Dive into Vermont The Campus explores local swimming holes

By Middlebury Campus

Author: Will Mallett

Some of you may have seen Apocalypto this weekend – a great movie about cliff-jumping. Though it was tempting to write an article extolling the benefits of the activity while watching Jaguar Paw make a leap of faith over an 80-plus-foot waterfall and come up unscathed, the fact that a number of his pursuers came up short of so-lucky upon attempting the same leap was a reminder of its drawbacks. The Middlebury Campus, being more than a little hesitant to endorse an activity that may put the health or lives of our readers at risk, has provided, instead of a list of “cliff-jumping” spots around the area, a survey of nearby “swimming holes” that provide equal refreshment without the death-pass.

Sure, the weather of late has been less than ideal for aquatic adventures, yet we may be so fortunate as to have a few more days of warm weather before the frost sets in. Being in a state so well-endowed with beautiful places, a reasonable piece of advice would be to enjoy as many of them as possible before it is too late. So if you doubt your resilience to cold water, just bring along some of your work, a bottle of vino and a fishing pole and get off campus for an afternoon. Here’s where you should go:

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Branbury State Park at Lake Dunmore: About a 15-minute drive by car south on Rt. 7, there is a sign pointing east toward Lake Dunmore. If you make this left and stay on it, bearing left when the road forks just in view of the water, and follow it around the lake you will come to Branbury State Park on the right. There may or may not be a nominal entrance fee, but there is also a beach, comparatively warm water, charcoal grills, picnic tables and plenty of space. Luckily, there being nothing tall to jump off, the park is safe.

Falls of Lana: Just past the entrance to Branbury State Park, there is a parking lot on the left. A little further up the road, there is another parking lot on the left. Park at either one of these and walk up the trail (they connect) for about 15 minutes. The trail crosses the brook just above the waterfall, and on either side you can walk down to get a good view of the falls and the pool, and walk a bit further down to get to the water. The hill faces west so this is a nice spot to go in the afternoon and still get some sun. The pool, though surrounded by tempting cliffs, is rather small, so if you find yourself inclined toward daring, maybe you should stay on the safe side and spend your afternoon somewhere else.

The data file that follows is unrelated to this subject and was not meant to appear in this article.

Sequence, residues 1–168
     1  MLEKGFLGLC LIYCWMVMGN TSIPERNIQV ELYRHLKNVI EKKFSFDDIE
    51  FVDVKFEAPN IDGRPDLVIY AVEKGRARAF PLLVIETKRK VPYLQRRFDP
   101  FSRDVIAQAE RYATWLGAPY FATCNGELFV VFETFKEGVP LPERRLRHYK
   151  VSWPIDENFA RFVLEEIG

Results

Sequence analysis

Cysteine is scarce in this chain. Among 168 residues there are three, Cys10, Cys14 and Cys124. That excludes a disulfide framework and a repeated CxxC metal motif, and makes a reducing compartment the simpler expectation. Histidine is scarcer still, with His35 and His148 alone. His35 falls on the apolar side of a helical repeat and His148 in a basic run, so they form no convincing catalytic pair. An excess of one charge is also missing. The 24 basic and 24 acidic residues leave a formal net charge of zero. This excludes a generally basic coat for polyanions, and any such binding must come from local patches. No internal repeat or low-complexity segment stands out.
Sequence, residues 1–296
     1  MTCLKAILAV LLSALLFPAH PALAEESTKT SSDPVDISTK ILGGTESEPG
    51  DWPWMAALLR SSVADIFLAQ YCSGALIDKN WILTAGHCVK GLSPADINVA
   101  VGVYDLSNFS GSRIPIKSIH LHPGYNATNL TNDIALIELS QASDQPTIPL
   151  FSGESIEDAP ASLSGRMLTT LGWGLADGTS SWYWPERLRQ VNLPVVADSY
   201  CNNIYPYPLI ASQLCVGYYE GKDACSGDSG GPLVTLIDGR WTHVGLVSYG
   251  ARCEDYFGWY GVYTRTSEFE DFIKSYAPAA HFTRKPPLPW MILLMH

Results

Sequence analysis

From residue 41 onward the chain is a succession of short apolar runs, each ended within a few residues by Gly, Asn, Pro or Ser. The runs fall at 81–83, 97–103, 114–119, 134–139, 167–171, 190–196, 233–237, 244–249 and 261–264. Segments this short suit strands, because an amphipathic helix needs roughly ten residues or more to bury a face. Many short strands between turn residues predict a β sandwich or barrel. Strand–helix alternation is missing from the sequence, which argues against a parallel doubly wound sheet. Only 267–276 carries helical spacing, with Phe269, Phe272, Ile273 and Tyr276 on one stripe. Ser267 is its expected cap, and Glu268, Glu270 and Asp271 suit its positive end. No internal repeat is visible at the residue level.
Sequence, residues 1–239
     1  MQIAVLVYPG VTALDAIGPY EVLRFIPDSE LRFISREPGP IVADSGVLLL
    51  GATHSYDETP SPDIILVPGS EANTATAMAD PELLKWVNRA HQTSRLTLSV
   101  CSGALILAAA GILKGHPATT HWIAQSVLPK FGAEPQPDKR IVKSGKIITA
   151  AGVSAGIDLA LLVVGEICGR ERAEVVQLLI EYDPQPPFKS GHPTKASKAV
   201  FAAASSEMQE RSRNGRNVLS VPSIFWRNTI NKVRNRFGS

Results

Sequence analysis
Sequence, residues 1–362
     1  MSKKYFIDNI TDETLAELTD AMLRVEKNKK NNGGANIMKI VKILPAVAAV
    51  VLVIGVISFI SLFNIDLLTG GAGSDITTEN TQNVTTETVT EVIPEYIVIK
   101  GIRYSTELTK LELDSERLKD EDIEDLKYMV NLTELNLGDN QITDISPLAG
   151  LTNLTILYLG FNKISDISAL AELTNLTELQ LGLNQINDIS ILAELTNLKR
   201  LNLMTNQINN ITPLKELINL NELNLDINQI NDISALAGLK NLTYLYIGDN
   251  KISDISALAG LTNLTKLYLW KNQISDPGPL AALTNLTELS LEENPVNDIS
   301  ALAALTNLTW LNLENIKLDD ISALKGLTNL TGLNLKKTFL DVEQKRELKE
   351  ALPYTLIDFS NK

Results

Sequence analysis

Bartlett (Bristol) Falls: Just past the village of Bristol, Rt. 17/116 crosses two black bridges. After the second of these, there is a road to the right which heads toward Lincoln. Follow this road for a couple hundred yards, park on the shoulder and walk down a short path to the renowned Bartlett Falls. If you somehow miss the 15-foot waterfall, you will know you are at the right spot if you see a crowd of mustachioed men in cut-off jeans practicing acrobatics. The water below the falls can be shallow at this time of year, but the bottom is sandy. Swim up from below and you can hang out in the cave behind the waterfall, entering via the large flat rock on the far side of the river. The New Haven River at this point runs north, with a small mountain climbing to the west, so this favorite spot is best enjoyed at midday, when the sun is up above the trees.

Dog Team Road: North on Rt. 7, just past the River Road on the right, the Dog Team Road bears off to the left, meandering down a hill to the banks of the New Haven River. The road crosses this river just before coming to a parking lot on the left that grants access to a large grassy area overlooking a small falls. Park your car or lock up your bike here and scramble down through some bushes to a pebbly beach area. Of the swimming holes included herein, this would be the closest to campus. Just watch out for flying worms and hooks – this is also a popular fishing spot.

East Middlebury: South on Rt. 7, left on Rt. 125, the bridge at East Middlebury is just a short drive from campus and is a perfect spot for an in-between-class dip. When Rt. 125 bears right, crossing the Middlebury River, just pull off on the side of the road and walk the few steps down to the river and swim below the bridge. The rock on the north bank inclines gradually upstream, reaching its apex just beneath the bridge. One can hop in at any point along that continuum, but bear in mind the water may be shallow. Though not quite as picturesque as the Falls of Lana or as sublime as Bartlett (both of which appear to have come straight out of a Frederic Church painting), the East Middlebury Bridge nonetheless has its virtues. Relatively close to campus, very close to the road and with an easy in-and-out, this is the perfect place for a quick dip.